It is an equally corrupt practice of various public servants to utilise
confidential information gained through their employment for soliciting
bribes, prejudicing the state, private enterprise, or the population at

Were all those practices to be markedly contained, the state would not
endlessly incur unsustainable deficits, would not have to resort to
punitively highly taxation measures, would be able to address vitally
essential infrastructural needs, and could restore Zimbabwe’s international

Tragically, these incalculable, untenable, corrupt practices are not unique
to the public sector, but are also very prevalent in all facets of the
private sector, be it industry, commerce or otherwise.

Ranging from soliciting and receiving secret payoffs for awards of
contracts, to the theft of raw materials, stocks, tools, other goods, and
consumables, many private sector employees are as criminally immoral and
corrupt as are many public servants.  The result is that the viability and
survival of enterprises is in jeopardy as operational costs soar,
consequentially impacting upon selling prices and hence, upon inflation.

If the Zimbabwean economy is not to be buried, one of the many nails that
must be removed from the coffin is substantial containment of the pronounced
corruption that ails the country’s public and private sectors.

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Security reforms: The need to uproot the ‘deep state’

Friday, 29 July 2011 11:23

Nyamutatanga Makombe

WHEREAS the recent declarations by Brigadier-General Douglas Nyikayaramba on
who should lead the country have been analysed within the context of the
post-2000 political dispensation and need for security sector reforms,
taking a more historical look to the mid-1970s could be more instructive on
the nature of reforms which could deepen democracy in Zimbabwe.
Nyikayaramba should not be taken as an arrant knave, but someone who
represents a system that is prepared to fight in defence of its interests.
As such, taking what he said as a cue for what is expected from the security
sector reforms may be missing the point as this could only be addressing one
of the various symptoms of how deeply entrenched the military, security and
intelligence is in our politics — something that has evolved since the
The mid-1970s is an instructive period in the political history of the
country as it marked the distinction, conflict, struggle for power and
creation of alliances between the political and the military elites not only
in the fight for Independence, but also control of state power in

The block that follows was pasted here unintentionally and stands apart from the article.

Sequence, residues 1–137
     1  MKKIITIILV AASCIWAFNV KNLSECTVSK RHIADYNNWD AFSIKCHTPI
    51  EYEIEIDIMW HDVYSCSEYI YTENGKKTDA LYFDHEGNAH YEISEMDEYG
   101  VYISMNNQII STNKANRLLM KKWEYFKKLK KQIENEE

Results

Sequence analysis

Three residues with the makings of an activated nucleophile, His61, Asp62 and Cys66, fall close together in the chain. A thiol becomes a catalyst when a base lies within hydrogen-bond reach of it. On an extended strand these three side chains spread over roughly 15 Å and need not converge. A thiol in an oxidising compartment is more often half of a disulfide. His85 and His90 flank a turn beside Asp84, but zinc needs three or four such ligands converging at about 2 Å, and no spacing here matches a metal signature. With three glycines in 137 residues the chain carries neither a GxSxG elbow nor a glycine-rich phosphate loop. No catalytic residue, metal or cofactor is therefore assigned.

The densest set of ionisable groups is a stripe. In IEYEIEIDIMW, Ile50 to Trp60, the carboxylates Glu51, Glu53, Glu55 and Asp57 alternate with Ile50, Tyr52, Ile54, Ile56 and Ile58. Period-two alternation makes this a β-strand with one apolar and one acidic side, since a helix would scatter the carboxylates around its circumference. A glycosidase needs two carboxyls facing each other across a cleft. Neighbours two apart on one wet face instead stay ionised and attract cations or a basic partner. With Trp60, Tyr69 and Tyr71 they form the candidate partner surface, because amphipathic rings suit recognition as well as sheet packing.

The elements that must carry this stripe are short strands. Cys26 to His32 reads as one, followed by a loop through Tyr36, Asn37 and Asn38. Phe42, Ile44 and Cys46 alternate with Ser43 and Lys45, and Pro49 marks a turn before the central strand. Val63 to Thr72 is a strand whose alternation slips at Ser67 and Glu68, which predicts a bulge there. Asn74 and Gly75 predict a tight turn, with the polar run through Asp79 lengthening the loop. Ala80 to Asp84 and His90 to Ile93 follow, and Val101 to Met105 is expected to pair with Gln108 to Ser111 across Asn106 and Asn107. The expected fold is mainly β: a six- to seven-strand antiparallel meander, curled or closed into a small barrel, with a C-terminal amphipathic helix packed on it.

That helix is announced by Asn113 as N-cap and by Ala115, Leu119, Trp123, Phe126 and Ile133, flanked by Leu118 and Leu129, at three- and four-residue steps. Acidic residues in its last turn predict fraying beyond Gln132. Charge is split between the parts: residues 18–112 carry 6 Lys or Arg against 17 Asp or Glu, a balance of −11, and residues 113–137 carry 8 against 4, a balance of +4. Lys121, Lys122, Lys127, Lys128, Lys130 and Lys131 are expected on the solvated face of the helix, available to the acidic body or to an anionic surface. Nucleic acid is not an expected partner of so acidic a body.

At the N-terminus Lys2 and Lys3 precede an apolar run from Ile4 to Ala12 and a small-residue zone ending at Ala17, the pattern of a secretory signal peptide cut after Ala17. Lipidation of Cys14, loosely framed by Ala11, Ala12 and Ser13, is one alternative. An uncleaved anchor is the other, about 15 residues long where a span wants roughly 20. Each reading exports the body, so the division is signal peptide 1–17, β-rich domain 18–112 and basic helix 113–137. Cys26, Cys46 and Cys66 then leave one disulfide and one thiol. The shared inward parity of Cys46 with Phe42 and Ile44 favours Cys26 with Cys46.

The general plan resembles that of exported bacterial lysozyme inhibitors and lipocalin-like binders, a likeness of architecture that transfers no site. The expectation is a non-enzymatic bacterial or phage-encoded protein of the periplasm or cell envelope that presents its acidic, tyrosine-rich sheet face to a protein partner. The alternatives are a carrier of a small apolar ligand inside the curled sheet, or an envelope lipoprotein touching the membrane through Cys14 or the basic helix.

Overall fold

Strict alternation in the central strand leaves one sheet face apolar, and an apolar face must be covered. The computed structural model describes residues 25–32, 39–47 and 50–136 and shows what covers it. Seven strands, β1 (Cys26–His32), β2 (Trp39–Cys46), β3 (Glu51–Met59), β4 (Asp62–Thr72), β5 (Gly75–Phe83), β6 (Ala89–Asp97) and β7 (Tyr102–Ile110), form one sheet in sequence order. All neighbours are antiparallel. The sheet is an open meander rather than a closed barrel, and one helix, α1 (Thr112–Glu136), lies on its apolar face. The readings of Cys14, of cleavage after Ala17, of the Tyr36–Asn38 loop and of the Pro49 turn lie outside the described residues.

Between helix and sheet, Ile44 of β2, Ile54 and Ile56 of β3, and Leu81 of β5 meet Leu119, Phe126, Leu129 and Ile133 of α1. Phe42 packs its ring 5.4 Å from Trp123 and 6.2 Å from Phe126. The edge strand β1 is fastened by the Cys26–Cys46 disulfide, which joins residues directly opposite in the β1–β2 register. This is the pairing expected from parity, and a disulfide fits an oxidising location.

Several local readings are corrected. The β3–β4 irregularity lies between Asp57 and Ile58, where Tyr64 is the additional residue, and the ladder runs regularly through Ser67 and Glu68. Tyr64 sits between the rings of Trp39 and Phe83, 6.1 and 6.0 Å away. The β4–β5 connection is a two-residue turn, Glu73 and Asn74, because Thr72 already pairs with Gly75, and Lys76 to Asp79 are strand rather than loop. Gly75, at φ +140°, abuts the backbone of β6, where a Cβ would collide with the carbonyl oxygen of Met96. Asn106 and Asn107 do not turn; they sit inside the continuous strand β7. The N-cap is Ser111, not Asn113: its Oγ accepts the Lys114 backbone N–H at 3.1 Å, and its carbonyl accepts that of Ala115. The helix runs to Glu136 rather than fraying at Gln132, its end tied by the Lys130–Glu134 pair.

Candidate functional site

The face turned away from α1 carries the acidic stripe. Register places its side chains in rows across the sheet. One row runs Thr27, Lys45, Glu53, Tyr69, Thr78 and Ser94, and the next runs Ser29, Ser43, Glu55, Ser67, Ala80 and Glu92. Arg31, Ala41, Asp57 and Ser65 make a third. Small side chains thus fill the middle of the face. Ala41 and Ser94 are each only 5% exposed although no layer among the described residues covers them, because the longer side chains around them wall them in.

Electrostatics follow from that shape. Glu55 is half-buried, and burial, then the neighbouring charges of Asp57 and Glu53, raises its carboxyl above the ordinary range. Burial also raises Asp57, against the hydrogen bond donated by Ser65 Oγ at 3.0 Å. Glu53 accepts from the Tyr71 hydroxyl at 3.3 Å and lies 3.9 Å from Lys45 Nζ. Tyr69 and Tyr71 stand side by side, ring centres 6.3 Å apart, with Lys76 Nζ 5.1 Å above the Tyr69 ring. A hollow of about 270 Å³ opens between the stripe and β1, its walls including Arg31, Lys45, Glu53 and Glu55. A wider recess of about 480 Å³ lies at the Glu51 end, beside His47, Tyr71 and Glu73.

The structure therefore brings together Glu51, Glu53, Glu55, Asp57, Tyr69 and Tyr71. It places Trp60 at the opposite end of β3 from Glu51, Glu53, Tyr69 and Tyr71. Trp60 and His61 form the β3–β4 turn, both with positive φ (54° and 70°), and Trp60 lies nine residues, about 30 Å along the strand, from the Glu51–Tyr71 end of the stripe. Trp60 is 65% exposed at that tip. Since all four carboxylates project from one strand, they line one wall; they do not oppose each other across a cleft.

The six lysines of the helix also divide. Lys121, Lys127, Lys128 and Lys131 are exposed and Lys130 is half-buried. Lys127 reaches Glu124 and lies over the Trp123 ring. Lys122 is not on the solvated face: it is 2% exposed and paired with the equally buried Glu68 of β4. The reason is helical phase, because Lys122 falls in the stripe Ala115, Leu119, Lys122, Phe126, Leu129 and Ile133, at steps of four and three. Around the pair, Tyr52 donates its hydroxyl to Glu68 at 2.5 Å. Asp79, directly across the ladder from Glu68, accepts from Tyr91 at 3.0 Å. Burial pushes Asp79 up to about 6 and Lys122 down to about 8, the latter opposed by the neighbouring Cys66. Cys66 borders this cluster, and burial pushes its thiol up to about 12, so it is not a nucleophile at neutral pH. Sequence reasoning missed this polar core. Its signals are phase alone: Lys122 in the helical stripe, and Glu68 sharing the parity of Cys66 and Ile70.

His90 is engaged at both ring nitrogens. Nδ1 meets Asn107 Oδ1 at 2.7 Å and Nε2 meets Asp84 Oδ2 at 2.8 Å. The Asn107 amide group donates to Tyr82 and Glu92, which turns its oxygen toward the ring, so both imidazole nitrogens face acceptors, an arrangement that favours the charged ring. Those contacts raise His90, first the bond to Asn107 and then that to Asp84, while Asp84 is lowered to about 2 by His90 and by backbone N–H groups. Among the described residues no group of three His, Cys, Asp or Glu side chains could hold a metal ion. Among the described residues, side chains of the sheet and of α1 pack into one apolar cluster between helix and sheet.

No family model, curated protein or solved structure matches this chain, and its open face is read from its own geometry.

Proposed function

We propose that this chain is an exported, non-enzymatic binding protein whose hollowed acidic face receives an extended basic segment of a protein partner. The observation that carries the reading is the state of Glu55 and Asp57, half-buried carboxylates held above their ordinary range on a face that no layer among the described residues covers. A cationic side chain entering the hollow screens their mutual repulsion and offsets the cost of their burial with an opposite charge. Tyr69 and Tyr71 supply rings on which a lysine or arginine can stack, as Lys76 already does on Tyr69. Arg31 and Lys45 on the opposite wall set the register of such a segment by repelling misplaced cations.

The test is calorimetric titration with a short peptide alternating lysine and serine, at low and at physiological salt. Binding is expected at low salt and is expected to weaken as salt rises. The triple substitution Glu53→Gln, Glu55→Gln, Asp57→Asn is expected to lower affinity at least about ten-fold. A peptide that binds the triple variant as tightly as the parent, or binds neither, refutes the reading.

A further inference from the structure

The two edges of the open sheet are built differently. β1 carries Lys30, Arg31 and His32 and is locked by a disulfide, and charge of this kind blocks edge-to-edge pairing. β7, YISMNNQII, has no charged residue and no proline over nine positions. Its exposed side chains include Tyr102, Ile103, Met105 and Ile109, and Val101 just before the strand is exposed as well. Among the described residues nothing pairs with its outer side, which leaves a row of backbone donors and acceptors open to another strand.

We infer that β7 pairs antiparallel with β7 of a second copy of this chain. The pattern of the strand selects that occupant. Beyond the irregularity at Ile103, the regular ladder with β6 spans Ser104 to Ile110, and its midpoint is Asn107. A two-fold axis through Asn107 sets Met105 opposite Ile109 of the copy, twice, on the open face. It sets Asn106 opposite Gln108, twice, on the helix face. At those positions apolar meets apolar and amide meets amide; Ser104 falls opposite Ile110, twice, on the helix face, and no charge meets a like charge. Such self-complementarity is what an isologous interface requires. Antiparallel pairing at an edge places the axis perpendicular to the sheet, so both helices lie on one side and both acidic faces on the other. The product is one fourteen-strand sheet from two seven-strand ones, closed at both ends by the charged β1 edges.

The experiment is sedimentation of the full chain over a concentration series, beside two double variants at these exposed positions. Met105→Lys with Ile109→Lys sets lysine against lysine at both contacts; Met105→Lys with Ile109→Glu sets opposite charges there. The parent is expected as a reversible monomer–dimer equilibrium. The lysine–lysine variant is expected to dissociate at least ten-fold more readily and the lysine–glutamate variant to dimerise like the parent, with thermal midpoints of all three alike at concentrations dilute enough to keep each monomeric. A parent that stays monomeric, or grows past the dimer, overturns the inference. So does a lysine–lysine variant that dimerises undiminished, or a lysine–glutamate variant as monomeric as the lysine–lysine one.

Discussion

post-colonial Zimbabwe and this is quite evident 30 years after

One important development was the Mgagao declaration of October 1975
authored by young guerrillas in Tanzania who then became kingmakers in Zanu
PF, making President Robert Mugabe the leader of the party — a position he
still holds 35 years later. The guerrillas, now the military, intelligence
and security elite, continue to wield the hard power they had then, and it
is in this context that one should approach the statements by Nyikayaramba
and their possible impact, meaning and what power lies behind the words.

The Mgagao declaration is instructive in that the armed forces realised that
they could be kingmakers without being the kings and at the same time make
sure that their interests and gains are safeguarded, hence there was no need
to remove their uniforms or leave the barracks. This marked the genesis of a
“deep state” and the deep politics now obtaining in the country. The term
deep state — usually used to describe the Turkish political system which is
now obtaining in many developing and developed countries — refers to a
situation where an entire nation is held hostage by a group of influential
anti-democratic coalitions usually comprising high-level elements within the
intelligence services, military and security.

Turkish Prime Minister Recep Tayyip Erdoan, commenting on the murder of
Armenian Turkish journalist Hrant Dink in January 2007, was prophetic when
he said: “Similar instances of groupings of this kind are possible to
observe in some other countries.”  This is a clear pointer to the deep
politics prevailing in Zimbabwe and it is tied to the umbilical cord of the
rise of powerful military elites during the liberation war through to three
decades after Independence.

As such, when Nyikayaramba speaks on who should be the president of the
country he is not only addressing a specific aspirant. In fact, he was
speaking on behalf of a powerful military, security or intelligence cabal,
and already there are some supporting him despite Zanu PF trying to
dissociate itself from his statements. This powerful cabal, which has to a
very large extent been latent in the first few years after Independence may
have rediscovered its power at a time when Zanu PF’s fortunes were on the
decline, as was the case in 1976 when there was dormancy in executing the
war after Herbert Chitepo’s death, to be followed by revival after the
Mgagao declaration. The military-intelligence-security elites, also referred
to as securocrats, rediscovered their pitch at the same time as other
cliques such as liberation war veterans after 1997.

This powerful cabal, made up of elites who have a duty of making sure that